That thing is so cool. Come to think of it, I’d never use it.
    But I like the idea of it, and you should.

  5. Merlinda Little (@pixiedusk)

    I wrote this long comment and then suddenly its gone. Now trying to write it back =P

    This really looks nice! I can already imagine the wood scent and the smoothness of the patina!

    I cant live without my journal. I cant do tablet and ipads when I am writing ideas and real emotions.


    • So true. Same here, I still use my journals, I don’t think I ever will stop writing in my journal either 🙂 Hope all is well.

  6. That’s so interesting and what a lovely thing to have. I have never heard of writing slopes before but think if I’d been around then, I would definitely have wanted one!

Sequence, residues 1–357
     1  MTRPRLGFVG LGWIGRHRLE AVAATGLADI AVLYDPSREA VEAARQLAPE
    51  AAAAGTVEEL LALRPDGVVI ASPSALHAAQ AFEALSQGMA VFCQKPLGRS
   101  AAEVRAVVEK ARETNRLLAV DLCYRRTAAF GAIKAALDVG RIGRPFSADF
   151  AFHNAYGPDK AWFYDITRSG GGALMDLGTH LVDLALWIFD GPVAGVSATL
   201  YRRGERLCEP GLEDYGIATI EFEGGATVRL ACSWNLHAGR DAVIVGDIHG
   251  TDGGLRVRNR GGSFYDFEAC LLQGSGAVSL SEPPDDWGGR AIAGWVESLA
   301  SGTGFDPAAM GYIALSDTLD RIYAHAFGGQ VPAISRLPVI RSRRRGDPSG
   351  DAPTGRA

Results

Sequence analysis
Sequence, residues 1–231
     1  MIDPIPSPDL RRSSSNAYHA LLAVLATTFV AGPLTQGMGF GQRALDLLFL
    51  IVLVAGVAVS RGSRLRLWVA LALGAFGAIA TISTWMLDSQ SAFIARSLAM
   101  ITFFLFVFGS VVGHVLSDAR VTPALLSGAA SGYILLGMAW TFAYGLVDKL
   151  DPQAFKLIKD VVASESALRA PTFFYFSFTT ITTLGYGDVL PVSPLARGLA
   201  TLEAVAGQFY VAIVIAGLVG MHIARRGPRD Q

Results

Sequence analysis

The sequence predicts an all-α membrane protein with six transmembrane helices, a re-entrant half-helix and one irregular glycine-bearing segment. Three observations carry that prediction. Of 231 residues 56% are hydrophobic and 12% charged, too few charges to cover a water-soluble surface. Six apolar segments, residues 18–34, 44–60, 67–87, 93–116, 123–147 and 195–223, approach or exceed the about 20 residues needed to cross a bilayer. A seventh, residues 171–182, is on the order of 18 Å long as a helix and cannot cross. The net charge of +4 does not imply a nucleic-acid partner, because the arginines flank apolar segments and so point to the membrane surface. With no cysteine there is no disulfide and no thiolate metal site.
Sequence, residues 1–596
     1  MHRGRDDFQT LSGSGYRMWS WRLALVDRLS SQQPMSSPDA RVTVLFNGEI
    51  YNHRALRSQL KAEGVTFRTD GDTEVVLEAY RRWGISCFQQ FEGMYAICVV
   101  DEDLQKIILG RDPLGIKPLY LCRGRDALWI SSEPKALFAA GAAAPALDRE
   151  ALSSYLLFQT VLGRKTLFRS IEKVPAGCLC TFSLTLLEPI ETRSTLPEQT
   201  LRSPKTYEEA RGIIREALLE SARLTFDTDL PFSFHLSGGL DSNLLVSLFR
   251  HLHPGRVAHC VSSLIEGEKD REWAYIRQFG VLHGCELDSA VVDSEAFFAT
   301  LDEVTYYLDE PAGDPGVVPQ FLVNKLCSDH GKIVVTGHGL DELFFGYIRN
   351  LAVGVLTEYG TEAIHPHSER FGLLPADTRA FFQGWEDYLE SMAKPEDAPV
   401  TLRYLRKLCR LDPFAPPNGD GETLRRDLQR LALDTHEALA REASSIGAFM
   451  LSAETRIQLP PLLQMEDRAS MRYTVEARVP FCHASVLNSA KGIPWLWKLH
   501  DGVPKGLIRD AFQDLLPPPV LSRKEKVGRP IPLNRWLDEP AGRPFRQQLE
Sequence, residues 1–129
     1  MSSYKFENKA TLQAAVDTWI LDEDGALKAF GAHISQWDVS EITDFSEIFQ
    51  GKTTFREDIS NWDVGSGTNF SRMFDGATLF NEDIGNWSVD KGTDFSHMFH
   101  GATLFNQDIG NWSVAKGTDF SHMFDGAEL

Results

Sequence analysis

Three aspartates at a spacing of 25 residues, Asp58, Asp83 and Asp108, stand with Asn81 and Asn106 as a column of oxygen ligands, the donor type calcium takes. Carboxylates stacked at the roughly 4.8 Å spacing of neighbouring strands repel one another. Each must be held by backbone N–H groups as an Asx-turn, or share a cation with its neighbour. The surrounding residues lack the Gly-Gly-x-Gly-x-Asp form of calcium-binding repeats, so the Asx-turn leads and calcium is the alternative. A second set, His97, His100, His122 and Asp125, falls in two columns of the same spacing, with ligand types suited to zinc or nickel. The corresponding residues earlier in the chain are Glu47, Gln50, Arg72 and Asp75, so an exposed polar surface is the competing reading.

7. Rosie @Eco-Gites of Lenault

    I used to have one of these but I have no idea what happened to it. It was old and in poor condition but I loved it. There is something so special about the written word, especially if the writer has god writing which sadly I do not.

    • Oh no, I wonder what happened to it? This one is in good condition. I’m hoping that my daughter will inherit my love for books and anything that’s writing-related. When I’m gone, I’m hoping she’ll treasure this as much as I am loving it already.

  8. I don’t know anything about writing slopes except that it’s gorgeous and just asking to be filled up with bits and bobs again – lucky you 🙂

  9. Sara (@mumturnedmom)

    Wow, that is so interesting, what an amazing thing to have. Love that your laptop fits!The stories that it could tell, I bet it’s had an interesting life 🙂

  10. krissottoh

    My husband is always getting me new ‘docking stations’ or computer feet to put my laptop at a better angle for me to write. Now I know what ‘I’ want.

    • Oh it would be interesting to know what you’ll find/get! 😉 I’m sure antique dealers will find you one. x